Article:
Finally, I've heard the argument that not all cops are bad so we shouldn't vilify them. But I think this argument misses the point. Sure, individual cops can be well intentioned and may truly want to help people. But, as an institution, police are extremely oppressive because that is simply what they were designed to be. You don't need to say that every individual cop is a monster to say that the institution of police is oppressive. And again, individual cops can come and show their support at Pride, they should just leave their uniform at home.

By accepting police at Pride, we tacitly reinforce police oppression. We further alienate queer people of color and ensure that queer liberation only works for white queers. If we really want an inclusive movement that works for all queer people, police simply need to go.

Cover Image Credit: Boing Boing

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​An Open Letter To The People Who Don’t Tip Their Servers

This one's for you.
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Dear Person Who Has No Idea How Much The 0 In The “Tip:" Line Matters,

I want to by asking you a simple question: Why?

Is it because you can't afford it? Is it because you are blind to the fact that the tip you leave is how the waiter/waitress serving you is making their living? Is it because you're just lazy and you “don't feel like it"?

Is it because you think that, while taking care of not only your table but at least three to five others, they took too long bringing you that side of ranch dressing? Or is it just because you're unaware that as a server these people make $2.85 an hour plus TIPS?

The average waiter/waitress is only supposed to be paid $2.13 an hour plus tips according to the U.S. Department of Labor.

That then leaves the waiter/waitress with a paycheck with the numbers **$0.00** and the words “Not a real paycheck." stamped on it. Therefore these men and women completely rely on the tips they make during the week to pay their bills.

So, with that being said, I have a few words for those of you who are ignorant enough to leave without leaving a few dollars in the “tip:" line.

Imagine if you go to work, the night starts off slow, then almost like a bomb went off the entire workplace is chaotic and you can't seem to find a minute to stop and breathe, let alone think about what to do next.

Imagine that you are helping a total of six different groups of people at one time, with each group containing two to 10 people.

Imagine that you are working your ass off to make sure that these customers have the best experience possible. Then you cash them out, you hand them a pen and a receipt, say “Thank you so much! It was a pleasure serving you, have a great day!"

Imagine you walk away to attempt to start one of the 17 other things you need to complete, watch as the group you just thanked leaves, and maybe even wave goodbye.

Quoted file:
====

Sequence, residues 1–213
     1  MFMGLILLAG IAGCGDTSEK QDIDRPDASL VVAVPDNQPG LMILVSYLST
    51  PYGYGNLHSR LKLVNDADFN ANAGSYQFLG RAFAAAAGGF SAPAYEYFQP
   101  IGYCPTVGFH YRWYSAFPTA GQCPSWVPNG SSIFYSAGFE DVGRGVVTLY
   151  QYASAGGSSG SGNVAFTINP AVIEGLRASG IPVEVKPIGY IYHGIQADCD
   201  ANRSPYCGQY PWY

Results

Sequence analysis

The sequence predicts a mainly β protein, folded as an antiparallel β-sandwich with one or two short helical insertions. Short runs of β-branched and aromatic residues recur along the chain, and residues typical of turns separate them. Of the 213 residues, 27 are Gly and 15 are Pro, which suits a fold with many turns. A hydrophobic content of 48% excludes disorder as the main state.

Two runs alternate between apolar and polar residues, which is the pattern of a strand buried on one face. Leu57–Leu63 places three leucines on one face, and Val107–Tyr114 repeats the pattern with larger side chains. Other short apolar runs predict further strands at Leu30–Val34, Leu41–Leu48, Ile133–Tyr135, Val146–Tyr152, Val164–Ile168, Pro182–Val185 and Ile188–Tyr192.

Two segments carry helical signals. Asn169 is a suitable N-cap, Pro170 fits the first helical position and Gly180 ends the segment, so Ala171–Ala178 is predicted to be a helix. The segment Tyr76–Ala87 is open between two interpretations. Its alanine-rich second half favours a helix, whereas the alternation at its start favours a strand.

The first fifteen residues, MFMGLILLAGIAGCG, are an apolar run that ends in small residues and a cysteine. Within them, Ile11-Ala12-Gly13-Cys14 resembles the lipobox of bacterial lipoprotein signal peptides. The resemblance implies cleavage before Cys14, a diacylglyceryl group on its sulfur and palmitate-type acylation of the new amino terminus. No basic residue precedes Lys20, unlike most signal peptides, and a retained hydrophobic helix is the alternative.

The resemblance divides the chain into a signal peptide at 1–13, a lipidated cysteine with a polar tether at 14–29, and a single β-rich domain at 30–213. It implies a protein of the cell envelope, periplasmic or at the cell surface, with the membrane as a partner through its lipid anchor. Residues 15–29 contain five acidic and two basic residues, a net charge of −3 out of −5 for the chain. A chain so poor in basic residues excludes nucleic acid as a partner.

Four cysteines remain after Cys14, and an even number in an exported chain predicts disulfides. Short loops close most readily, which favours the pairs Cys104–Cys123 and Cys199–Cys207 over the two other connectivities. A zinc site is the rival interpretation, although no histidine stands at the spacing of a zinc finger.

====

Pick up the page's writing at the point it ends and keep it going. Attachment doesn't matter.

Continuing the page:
Imagine you are cleaning up the mess that they have so kindly left behind, you look down at the receipt and realize there's a sad face on the tip line of a $24.83 bill.

Imagine how devastated you feel knowing that you helped these people as much as you could just to have them throw water on the fire you need to complete the night.

Now, realize that whenever you decide not to tip your waitress, this is nine out of 10 times what they go through. I cannot stress enough how important it is for people to realize that this is someone's profession — whether they are a college student, a single mother working their second job of the day, a new dad who needs to pay off the loan he needed to take out to get a safer car for his child, your friend, your mom, your dad, your sister, your brother, you.

If you cannot afford to tip, do not come out to eat. If you cannot afford the three alcoholic drinks you gulped down, plus your food and a tip do not come out to eat.

If you cannot afford the $10 wings that become half-off on Tuesdays plus that water you asked for, do not come out to eat.

If you cannot see that the person in front of you is working their best to accommodate you, while trying to do the same for the other five tables around you, do not come out to eat. If you cannot realize that the man or woman in front of you is a real person, with their own personal lives and problems and that maybe these problems have led them to be the reason they are standing in front of you, then do not come out to eat.

As a server myself, it kills me to see the people around me being deprived of the money that they were supposed to earn. It kills me to see the three dollars you left on a $40 bill. It kills me that you cannot stand to put yourself in our shoes — as if you're better than us. I wonder if you realize that you single-handedly ruined part of our nights.

I wonder if maybe one day you will be in our shoes, and I hope to God no one treats you how you have treated us. But if they do, then maybe you'll realize how we felt when you left no tip after we gave you our time.

Cover Image Credit: Hailea Shallock

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Sociolinguistics Series: Part 50

Language is a powerful tool.